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Best Damon Stefan The Vampire Diaries Moments

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Everyone lovessss to argue about Damon and Elena vs. Stefan and Elena on The Vampire Diaries.


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In case you’re wondering where I fall...this post make it pretty clear.

But honestly, I think we’re ignoring the real relationship of the show: and that’s Damon and Stefan.


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BROTP for life. I mean…they’re literally brothers.

Here are 21 moments that prove Damon and Stefan’s brotherhood was WAY more important and interesting to watch than either of their relationships with Elena.

1.

In Season 1, Damon helped Elena save Stefan’s life, then went out of his way to assure Stefan he had zero guilt in Damon’s actions.


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Damon was still the bad guy here (he still claimed to hate Stefan), but he still helped save Stefan’s life after he became riddled with guilt. Stefan always wore the weight of the world on his shoulders, and Damon was always trying to alleviate some of this guilt.

2.

And then when Stefan was in a vulnerable position again in Season 3, he chose to be the one to turn Bonnie’s mom so that Stefan wouldn’t have to deal with the guilt.


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Damon was always willing to be the bad guy and get all the hate so Stefan wouldn’t have to, even when Stefan would’ve done the same thing.

3.

And then AGAIN, after Stefan was in a guilt spiral over killing Enzo in Season 8, Damon encouraged him not to punish himself, telling Stefan instead to be with Caroline and be happy.


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Stefan was SO broody and Damon was always there to push him to be easier on himself.

4.

Stefan was furious at Damon after he fed Elena his blood before Klaus’s ritual in Season 2. But he still refused to let Damon give up on himself…


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In case you forgot, Damon had been bitten by Tyler the previous episode and was dying. In order to avoid the pain and hallucinations Rose endured before her death, Damon took off his daylight ring to burn in the sun. Stefan stopped him, locking him in the cellar while he looked for a cure to the bite.

5.

…And even encouraged Elena to talk to him and make up with him since he could die.


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Elena had literally just said she wanted a normal day with friends — but Damon made sure to give Damon and Elena the chance to say goodbye to each other. He knew Damon needed to be forgiven, and even though he was angry and worried about Damon’s feelings for Elena, he encouraged Elena to do so.

6.

And then Stefan literally gave up his entire life to Klaus so that Damon could live!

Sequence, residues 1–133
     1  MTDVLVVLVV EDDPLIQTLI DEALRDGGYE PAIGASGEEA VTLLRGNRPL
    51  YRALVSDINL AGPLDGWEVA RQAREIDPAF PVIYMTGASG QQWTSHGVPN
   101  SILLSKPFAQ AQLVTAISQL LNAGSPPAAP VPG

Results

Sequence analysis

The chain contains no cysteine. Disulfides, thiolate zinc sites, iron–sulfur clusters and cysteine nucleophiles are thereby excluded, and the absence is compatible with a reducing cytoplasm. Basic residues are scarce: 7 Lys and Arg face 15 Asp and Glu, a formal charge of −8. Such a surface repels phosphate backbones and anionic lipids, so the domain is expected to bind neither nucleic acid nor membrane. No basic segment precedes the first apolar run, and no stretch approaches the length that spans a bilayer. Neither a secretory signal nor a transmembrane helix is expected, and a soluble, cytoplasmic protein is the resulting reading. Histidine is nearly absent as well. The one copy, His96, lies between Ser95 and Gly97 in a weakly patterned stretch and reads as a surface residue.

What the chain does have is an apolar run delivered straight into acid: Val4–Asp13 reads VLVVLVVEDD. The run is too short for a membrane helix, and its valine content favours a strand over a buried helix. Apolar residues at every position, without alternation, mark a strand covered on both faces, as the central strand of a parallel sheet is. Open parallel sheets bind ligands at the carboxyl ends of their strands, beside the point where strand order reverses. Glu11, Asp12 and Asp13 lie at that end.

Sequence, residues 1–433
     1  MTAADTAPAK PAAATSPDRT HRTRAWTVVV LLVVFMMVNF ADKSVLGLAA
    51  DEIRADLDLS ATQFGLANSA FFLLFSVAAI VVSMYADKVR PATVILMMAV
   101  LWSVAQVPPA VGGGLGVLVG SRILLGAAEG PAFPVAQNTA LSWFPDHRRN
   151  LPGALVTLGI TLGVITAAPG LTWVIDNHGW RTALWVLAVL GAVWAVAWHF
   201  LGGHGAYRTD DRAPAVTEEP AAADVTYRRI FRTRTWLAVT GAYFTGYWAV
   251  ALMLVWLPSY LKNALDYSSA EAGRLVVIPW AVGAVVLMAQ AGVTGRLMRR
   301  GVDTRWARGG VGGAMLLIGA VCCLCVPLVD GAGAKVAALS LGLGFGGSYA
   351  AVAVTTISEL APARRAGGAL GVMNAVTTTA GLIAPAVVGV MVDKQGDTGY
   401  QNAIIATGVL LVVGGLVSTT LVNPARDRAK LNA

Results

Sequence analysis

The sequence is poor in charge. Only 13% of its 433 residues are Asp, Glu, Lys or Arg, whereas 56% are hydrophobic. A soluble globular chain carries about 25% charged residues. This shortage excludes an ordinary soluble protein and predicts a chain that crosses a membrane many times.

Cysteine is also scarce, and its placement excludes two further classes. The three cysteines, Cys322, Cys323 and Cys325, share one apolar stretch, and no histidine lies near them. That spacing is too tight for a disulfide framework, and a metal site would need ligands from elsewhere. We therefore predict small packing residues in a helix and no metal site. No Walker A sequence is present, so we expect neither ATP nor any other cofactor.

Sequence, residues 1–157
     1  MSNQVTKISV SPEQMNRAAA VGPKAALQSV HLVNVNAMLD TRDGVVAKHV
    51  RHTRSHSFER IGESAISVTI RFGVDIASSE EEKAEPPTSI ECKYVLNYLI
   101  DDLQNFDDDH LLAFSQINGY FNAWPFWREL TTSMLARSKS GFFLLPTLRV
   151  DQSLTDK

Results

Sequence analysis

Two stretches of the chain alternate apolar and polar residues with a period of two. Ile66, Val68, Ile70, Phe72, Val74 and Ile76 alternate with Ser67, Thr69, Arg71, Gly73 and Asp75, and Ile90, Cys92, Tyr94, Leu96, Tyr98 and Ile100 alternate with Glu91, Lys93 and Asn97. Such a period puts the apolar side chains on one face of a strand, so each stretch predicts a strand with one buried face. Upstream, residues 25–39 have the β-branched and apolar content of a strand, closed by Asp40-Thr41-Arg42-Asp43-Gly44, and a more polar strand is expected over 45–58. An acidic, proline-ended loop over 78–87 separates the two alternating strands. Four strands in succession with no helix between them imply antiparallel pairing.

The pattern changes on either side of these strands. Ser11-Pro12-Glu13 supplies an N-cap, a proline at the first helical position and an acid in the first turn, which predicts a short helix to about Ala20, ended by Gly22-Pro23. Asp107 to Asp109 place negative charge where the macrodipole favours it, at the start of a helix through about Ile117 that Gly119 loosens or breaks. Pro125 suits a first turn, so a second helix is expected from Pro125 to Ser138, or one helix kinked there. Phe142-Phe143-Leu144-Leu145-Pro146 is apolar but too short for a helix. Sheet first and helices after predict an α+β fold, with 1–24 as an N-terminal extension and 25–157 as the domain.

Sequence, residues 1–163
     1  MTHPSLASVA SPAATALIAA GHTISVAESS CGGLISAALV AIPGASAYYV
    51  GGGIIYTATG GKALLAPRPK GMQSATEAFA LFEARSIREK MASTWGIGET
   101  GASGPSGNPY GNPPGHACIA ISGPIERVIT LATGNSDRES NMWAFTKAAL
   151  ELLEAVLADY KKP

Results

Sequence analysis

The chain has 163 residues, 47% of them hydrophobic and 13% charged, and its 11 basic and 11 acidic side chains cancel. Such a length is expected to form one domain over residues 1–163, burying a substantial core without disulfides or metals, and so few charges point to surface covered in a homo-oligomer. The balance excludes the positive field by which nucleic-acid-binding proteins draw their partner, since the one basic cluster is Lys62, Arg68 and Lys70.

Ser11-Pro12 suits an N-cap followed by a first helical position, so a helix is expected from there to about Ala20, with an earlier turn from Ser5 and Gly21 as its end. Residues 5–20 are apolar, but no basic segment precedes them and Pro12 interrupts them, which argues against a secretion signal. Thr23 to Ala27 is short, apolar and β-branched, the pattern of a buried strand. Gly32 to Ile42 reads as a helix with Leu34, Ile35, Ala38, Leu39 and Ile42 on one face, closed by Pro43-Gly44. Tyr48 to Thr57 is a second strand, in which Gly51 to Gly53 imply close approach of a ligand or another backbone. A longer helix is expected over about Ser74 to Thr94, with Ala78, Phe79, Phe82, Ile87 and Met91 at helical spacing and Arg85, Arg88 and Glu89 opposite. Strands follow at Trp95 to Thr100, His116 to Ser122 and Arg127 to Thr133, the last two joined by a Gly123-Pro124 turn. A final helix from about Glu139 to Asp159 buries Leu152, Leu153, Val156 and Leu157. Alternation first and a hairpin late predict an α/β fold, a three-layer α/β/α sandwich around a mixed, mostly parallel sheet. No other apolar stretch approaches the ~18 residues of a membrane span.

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And I truly do not think he did it just out of “owing” it to Damon. He loved his brother!

7.

And before you come at me saying Stefan was the better brother — Damon did the same for Stefan when he asked his Commander for leave when Stefan needed him! Remember the dream/flashback from Season 7?


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This whole deal ended up mirroring Stefan’s — basically, Damon had to kill innocent people, just like Klaus had Stefan do. Dysfunctional? Yes. Brotherly? Also yes.

8.

In fact, the Salvatore brothers constantly offered to sacrifice themselves for the other. Like when Cade tried to make Damon choose between Stefan and Elena in Season 8, and Stefan offered himself up.


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Stefan was self-sacrificial, sure, but the amount of times he offered himself up for Damon was staggering.

9.

…And then Damon said no, and offered HIMSELF up instead, so that both Stefan and Elena could live.


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“IT’S BEEN A HELL OF A RIDE.” Like if u cried.

10.

This whole “die for each other” thing culminated in the series finale, where they had to decide which of them would stay with Katherine to ensure Hell was blown up.


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For once, in offering himself up, Stefan made it clear that he didn’t want to do it — he’d prefer to stay with Caroline. But he truly wanted Damon to live.

11.

Of course, Damon didn’t let Stefan sacrifice himself: he turned into a protective older brother and compelled Stefan to leave him so he could die.


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This goodbye scene was far more heartbreaking than either of theirs with Elena.

12.

Which…did not work. Stefan died anyways, and in his last moment with Elena, he told her THAT DAMON WAS THE MAN SHE DESERVED!!


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This was such a moment of growth for Stefan, who had previously told Elena she was better than Damon. He truly fostered and recognized Damon’s growth as a person, and encouraged his relationship with Elena because he knew it made him happy.

13.

Speaking of…Stefan was SO MATURE about Damon and Elena. In the Season 6 finale, he admitted Damon meant more to him that Elena, and that he was grateful to Elena for her role in helping Damon become better.


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“Her faith in him brought Damon and me back together.” That’s it. That’s all I need to argue my point. Elena/Stefan and Elena/Damon were just different plots to bring about the same arc: Stefan and Damon becoming close agian.

14.